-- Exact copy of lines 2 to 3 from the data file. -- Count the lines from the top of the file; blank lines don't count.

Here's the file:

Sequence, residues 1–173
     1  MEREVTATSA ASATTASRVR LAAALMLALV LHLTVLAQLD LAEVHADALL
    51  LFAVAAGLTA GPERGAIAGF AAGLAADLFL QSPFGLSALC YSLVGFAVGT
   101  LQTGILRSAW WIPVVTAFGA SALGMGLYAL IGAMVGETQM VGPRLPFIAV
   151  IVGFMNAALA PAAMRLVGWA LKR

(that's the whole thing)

     1  MEREVTATSA ASATTASRVR LAAALMLALV LHLTVLAQLD LAEVHADALL
    51  LFAVAAGLTA GPERGAIAGF AAGLAADLFL QSPFGLSALC YSLVGFAVGT